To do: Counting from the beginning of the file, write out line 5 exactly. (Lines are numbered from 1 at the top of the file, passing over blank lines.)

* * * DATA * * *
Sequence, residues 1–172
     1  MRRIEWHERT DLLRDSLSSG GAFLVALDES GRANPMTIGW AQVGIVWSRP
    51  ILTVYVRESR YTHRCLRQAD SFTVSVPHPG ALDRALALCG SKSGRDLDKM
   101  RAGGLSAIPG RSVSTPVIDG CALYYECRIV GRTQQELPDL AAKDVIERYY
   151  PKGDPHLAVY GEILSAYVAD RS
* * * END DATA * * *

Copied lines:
   151  PKGDPHLAVY GEILSAYVAD RS